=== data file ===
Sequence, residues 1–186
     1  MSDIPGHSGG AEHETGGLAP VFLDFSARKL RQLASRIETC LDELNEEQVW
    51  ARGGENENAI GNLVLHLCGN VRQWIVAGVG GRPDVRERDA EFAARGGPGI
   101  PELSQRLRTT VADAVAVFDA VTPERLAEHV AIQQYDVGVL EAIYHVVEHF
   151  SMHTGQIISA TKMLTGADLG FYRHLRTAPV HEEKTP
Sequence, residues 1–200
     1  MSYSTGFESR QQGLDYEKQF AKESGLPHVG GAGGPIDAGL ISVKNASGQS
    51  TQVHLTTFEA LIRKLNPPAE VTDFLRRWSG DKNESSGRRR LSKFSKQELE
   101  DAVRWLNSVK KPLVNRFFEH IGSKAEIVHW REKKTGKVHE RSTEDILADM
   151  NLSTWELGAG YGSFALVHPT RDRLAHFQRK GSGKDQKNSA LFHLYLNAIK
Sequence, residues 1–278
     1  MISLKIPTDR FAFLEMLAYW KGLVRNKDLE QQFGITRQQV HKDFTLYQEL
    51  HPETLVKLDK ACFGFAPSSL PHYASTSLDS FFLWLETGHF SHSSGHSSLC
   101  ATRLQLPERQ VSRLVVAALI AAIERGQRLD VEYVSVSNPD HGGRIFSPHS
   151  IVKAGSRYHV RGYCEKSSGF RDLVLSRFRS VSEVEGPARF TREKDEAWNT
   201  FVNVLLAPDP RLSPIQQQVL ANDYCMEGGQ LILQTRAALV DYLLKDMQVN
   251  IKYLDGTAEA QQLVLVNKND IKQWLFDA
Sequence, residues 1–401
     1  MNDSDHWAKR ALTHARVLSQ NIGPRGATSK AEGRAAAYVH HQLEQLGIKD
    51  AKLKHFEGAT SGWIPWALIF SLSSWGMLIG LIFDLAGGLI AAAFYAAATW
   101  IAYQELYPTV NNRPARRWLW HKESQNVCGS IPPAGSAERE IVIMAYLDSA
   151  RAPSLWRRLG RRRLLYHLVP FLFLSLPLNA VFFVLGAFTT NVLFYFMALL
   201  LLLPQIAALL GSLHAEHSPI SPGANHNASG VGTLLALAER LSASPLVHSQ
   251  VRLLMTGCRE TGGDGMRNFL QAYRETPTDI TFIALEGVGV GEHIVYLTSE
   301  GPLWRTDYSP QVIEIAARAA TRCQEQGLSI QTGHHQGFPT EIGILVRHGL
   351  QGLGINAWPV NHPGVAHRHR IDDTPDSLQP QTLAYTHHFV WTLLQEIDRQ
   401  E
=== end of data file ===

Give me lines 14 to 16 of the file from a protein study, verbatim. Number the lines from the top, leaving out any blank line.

   101  ATRLQLPERQ VSRLVVAALI AAIERGQRLD VEYVSVSNPD HGGRIFSPHS
   151  IVKAGSRYHV RGYCEKSSGF RDLVLSRFRS VSEVEGPARF TREKDEAWNT
   201  FVNVLLAPDP RLSPIQQQVL ANDYCMEGGQ LILQTRAALV DYLLKDMQVN